PITTSBURGH (AP) -- The Pittsburgh Symphony Orchestra has reached a 3-year contract with its musicians, nearly restoring their pay to levels in 2010-11, after which they took a pay cut to help the symphony get its finances in order.
The new deal bumps musicians' base pay by 4 percent to $104,114 annually for the 2013-14 season. Wages will be frozen for the following season, then raised 3 percent more to $107,237 for the 2015-16 season.
The musicians' base pay was $110,854 before the pay cut. However, many earn more than the base salary because of their years of service, or for holding a named or solo chair in the orchestra.
Bassist Micah Howard, who chairs the musicians' union, called the contract is a "morale booster" that shows that management is committed to attracting and retaining the best musicians.
The latest contract "won't get us back to where we were, but it gets us close. In the climate we're in now, this is a great contract. It keeps the PSO as a destination for the world's best talent," Howard said.
The Pittsburgh Symphony is hardly the only American orchestra to have struggled financially in recent years.
The Philadelphia Orchestra became the first major U.S. orchestra to seek Chapter 11 bankruptcy reorganization in 2011, citing dwindling attendance and donations, shrinking endowment income, the recession and an aging audience. It emerged from bankruptcy last year and just wrapped up a tour of China that is part of an effort to rebuild its finances and reputation.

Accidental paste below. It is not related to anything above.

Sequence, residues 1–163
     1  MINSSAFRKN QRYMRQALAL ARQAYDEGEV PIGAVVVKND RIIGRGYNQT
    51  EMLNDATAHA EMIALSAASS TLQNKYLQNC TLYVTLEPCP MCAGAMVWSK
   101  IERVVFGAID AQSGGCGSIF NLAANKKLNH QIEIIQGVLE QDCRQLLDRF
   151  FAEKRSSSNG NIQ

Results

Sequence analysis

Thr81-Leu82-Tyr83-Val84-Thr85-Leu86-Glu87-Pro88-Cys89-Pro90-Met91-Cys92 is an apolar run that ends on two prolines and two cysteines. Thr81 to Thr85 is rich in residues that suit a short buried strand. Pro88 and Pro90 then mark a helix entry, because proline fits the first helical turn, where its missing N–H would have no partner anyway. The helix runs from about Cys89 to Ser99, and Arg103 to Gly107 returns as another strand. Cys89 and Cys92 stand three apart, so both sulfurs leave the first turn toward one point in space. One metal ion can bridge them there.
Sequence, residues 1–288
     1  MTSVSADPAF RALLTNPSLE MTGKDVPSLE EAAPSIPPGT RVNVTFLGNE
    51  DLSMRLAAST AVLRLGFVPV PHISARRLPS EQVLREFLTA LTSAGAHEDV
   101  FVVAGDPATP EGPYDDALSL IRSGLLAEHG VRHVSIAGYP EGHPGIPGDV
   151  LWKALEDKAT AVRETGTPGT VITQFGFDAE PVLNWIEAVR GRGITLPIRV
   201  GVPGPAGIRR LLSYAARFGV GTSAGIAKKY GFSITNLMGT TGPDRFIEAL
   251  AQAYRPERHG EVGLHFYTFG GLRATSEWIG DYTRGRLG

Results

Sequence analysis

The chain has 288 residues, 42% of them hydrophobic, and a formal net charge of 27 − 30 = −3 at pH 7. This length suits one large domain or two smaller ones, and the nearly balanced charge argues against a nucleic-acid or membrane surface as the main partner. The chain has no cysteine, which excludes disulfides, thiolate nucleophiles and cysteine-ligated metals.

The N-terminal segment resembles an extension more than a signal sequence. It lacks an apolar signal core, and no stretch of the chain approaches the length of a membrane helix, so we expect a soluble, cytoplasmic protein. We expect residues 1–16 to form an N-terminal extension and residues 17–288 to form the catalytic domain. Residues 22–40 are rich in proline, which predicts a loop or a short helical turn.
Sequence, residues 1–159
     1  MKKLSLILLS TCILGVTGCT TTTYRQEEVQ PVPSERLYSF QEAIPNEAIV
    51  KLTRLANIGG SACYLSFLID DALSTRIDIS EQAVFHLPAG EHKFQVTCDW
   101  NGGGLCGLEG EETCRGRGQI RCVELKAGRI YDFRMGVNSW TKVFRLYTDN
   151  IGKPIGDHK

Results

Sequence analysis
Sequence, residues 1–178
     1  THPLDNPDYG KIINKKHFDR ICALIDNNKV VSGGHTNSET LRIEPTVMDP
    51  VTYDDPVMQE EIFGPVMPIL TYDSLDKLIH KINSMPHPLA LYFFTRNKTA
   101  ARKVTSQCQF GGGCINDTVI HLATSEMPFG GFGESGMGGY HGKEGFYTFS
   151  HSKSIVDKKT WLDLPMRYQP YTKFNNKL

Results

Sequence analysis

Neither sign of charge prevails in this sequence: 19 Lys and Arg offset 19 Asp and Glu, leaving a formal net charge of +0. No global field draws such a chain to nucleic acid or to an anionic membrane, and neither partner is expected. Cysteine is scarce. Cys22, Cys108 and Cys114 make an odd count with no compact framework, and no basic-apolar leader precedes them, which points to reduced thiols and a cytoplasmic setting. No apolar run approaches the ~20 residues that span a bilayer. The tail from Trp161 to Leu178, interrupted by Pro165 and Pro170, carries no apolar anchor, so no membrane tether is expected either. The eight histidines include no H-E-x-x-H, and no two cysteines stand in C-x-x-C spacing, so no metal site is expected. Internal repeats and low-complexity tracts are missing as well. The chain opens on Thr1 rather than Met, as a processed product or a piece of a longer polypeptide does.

Musicians with the Detroit Symphony Orchestra went on strike for six months over wages in 2011, and earlier this year the Minnesota Orchestra canceled the rest of its season, citing musicians' refusal to negotiate during a lockout that began Oct. 1, after the union's last contract expired.
The Pittsburgh orchestra had a $3.5 million deficit when its last fiscal year ended in August, but its president, James Wilkinson, hopes to balance its budget by the 2014-15 season.
Wilkinson said the musicians comprise "one of the best orchestras in the world. It's extremely important we continue to reward them by keeping their salaries within the top 10 in the country."